"Into the Groove" is a Madonna Song, written for the 1985 movie "Desperately Seeking Susan." As I'm about to explain, it's quite easy to interpret it as being really, really filthy.

Whenever I hear that song, I am reminded of the opening scene of that career-making Quentin Tarantino film "Reservoir Dogs," where Tarantino's Mr. Brown is talking about another Madonna song of the same era, "Like a Virgin." Tarantino's take on "Like a Virgin" is that it is "a metaphor for big dicks," (in contrast to "True Blue" which is about a good girl falling in love). Sayeth the Tarantino:

Mr. Brown: Lemme tell you what 'Like a Virgin' is about. It's all about this cooze who's a regular fuck machine, I'm talking morning, day, night, afternoon, dick, dick, dick, dick, dick, dick, dick, dick, dick.
Mr. Blue: How many dicks is that?
Mr. White: A lot.
Mr. Brown: Then one day she meets this John Holmes motherfucker and it's like, whoa baby, I mean this cat is like Charles Bronson in The Great Escape, he's digging tunnels. Now, she's gettin' the serious dick action and she's feeling something she ain't felt since forever. Pain. Pain.
Mr. Brown: It hurts her. It shouldn't hurt her, you know, her pussy should be Bubble Yum by now, but when this cat fucks her it hurts. It hurts just like it did the first time. You see the pain is reminding a fuck machine what it once was like to be a virgin. Hence, 'Like a Virgin'.

So, if "Like a Virgin" is really about getting deeply penetrated by a big dick, what portion of the female anatomy might possibly be brought to mind by the phrase "into the groove"?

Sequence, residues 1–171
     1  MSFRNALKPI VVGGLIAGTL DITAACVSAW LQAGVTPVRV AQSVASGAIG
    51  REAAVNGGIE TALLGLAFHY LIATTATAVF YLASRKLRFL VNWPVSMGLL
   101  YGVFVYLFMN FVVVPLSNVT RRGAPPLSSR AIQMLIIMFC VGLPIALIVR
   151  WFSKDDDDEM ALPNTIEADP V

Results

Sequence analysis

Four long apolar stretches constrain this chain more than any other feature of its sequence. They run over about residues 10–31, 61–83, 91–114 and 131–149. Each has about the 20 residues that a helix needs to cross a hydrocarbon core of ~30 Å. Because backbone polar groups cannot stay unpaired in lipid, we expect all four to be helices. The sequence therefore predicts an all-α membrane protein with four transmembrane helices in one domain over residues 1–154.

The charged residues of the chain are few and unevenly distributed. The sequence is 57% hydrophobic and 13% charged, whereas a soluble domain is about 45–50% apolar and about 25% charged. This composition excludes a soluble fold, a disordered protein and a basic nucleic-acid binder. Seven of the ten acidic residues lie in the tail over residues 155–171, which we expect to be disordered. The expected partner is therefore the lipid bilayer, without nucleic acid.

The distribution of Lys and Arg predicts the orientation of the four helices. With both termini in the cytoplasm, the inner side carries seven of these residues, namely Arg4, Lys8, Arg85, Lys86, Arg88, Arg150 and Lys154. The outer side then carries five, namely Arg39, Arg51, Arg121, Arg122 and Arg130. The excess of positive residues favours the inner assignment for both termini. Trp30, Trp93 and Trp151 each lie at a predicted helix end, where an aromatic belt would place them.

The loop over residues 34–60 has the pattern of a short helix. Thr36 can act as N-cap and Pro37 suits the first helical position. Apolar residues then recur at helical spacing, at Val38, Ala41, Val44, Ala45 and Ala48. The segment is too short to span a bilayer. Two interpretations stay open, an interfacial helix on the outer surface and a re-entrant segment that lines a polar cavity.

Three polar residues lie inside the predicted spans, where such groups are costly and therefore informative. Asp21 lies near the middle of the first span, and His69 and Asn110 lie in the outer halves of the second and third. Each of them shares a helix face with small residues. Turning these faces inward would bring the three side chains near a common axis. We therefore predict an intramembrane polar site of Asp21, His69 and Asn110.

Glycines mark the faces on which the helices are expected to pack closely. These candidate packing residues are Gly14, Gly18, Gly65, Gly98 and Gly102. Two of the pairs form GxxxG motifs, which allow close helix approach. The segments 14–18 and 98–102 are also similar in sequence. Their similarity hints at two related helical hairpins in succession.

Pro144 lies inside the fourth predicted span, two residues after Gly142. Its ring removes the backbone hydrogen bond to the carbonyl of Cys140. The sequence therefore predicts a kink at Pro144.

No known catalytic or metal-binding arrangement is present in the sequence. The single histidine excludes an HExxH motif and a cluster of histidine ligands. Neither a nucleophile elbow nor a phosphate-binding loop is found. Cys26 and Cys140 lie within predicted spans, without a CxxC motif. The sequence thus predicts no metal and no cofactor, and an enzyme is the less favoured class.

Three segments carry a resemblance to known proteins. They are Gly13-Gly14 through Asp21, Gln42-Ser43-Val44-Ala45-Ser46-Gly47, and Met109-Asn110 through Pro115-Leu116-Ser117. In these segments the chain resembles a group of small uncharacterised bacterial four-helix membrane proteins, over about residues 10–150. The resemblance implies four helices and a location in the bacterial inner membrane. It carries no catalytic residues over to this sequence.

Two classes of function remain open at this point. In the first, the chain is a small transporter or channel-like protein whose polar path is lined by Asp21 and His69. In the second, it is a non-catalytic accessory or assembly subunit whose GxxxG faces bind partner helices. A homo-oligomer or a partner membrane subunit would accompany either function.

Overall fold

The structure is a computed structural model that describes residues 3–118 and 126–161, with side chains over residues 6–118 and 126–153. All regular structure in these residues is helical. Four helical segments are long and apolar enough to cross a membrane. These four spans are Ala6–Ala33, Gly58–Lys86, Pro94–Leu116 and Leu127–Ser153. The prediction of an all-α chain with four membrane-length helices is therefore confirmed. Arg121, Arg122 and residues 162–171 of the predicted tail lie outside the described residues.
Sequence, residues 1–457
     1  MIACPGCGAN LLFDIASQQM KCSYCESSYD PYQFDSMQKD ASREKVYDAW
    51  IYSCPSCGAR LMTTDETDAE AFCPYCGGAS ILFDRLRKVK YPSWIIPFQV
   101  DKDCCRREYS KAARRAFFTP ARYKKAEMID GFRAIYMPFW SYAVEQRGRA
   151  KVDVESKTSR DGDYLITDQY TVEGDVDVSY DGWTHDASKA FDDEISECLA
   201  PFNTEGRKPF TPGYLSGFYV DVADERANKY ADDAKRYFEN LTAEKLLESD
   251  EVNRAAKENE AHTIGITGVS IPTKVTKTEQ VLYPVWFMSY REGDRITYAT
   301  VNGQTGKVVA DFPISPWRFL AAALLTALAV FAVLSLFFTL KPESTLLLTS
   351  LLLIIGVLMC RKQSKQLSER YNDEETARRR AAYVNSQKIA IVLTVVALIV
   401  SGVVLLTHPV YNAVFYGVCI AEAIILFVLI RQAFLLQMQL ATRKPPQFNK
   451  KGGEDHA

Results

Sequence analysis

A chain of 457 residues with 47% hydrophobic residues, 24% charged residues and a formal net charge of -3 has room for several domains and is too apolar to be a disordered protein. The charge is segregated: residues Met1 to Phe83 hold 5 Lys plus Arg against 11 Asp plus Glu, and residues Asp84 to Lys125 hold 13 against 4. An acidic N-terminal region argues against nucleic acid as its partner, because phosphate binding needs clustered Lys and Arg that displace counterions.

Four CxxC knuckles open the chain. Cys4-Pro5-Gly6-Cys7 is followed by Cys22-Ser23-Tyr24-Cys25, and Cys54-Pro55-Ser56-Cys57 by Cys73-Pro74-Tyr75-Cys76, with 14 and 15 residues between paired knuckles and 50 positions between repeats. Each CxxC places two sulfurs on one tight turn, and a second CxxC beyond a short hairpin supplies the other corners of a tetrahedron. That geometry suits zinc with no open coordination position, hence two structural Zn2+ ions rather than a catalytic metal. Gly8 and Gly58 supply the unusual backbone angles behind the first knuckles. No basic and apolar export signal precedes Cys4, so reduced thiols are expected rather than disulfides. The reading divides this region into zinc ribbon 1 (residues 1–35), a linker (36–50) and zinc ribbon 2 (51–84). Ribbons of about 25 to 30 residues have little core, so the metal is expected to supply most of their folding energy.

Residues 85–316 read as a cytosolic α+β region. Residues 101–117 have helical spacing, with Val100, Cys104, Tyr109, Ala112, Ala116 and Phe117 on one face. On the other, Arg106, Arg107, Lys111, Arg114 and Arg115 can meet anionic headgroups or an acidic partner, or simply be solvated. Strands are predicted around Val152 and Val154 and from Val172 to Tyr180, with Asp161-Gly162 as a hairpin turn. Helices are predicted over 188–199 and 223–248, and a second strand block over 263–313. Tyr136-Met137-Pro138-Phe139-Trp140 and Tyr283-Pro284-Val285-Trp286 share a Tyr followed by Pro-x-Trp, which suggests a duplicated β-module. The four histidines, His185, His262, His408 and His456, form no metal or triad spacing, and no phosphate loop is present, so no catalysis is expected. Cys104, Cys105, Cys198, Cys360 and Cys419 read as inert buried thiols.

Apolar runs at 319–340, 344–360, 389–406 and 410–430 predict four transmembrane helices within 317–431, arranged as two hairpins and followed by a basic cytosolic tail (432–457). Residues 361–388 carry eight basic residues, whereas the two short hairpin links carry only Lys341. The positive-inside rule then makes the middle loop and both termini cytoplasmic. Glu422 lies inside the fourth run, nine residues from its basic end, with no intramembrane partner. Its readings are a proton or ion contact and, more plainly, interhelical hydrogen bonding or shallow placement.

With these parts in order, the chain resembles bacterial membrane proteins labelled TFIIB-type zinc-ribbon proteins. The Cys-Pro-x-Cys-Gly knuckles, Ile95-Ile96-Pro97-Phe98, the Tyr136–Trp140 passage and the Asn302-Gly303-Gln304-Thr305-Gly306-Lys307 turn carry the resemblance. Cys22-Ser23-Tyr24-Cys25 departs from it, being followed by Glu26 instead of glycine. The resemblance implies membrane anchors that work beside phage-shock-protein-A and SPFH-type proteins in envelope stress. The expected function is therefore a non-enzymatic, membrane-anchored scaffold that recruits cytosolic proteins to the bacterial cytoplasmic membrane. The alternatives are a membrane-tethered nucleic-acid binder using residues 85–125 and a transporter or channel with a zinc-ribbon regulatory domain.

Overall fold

On a meandering side note, isn't it odd that "groove" is like, one of the only words in the English language that has a "double-o" - "v" - "e"? I mean, most of the very few words that rhyme with it just have one "o"; prove and move; the only other word I can think of that uses the same spelling layout is hoove, which is the verb form having something to do with a hoof action, I know not quite what. All the other "o" - "v" - "e" words are like above or love or dove (the bird) or glove, or like cove or wove or dove (different meaning of dove, the one related to diving) or trove. There is this supposed writer for the Onion, Smoove B, which is another story altogether.

But I digress.

Actually if that is what the lyrics mean, it's a pretty bold analogy of the dancing = sex tradition in rock and roll music. The chorus of the song goes: "Get into the groove / Boy you've got to prove / Your love to me" -- meaning perhaps, "if you love me, fuck me!!" Of course, it could also refer to oral sex (performed by the boy, on the girl, to be clear). More telling is the verse where Madonna reveals "Only when I'm dancing can I feel this free / At night I lock the doors, where no one else can see / I'm tired of dancing here all by myself / Tonight I wanna dance with someone else" -- interpreted according to my initial impression, this means that she masturbates. A lot. And is tired of masturbating and instead wants some real cock action.

There are other interpretable throw-away lines peppered throughout the song. "Dancing around you feel the sweet sensation"; "We might be lovers if the rhythm's right"; "Live out your fantasy here with me"; "Touch my body, and move in time".... but the fundament of it is that, just like Fat Bastard tells Mini-Me in the Austin Powers movies to "get in mah belly!!" Madonna is telling the subject of the song, "get in mah pussy!!"

So, in conclusion, there are many clues both literal and cultural that indicate that this Madonna song is really a reference to her needy vagina. Thank you.

Log in or register to write something here or to contact authors.